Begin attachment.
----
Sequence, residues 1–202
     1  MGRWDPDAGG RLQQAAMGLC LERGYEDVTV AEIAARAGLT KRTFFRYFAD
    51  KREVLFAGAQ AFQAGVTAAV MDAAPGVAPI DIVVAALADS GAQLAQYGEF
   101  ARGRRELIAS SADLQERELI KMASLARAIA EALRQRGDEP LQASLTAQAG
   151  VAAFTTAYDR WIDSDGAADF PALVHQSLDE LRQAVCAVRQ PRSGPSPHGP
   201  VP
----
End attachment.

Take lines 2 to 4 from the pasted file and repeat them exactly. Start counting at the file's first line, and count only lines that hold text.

     1  MGRWDPDAGG RLQQAAMGLC LERGYEDVTV AEIAARAGLT KRTFFRYFAD
    51  KREVLFAGAQ AFQAGVTAAV MDAAPGVAPI DIVVAALADS GAQLAQYGEF
   101  ARGRRELIAS SADLQERELI KMASLARAIA EALRQRGDEP LQASLTAQAG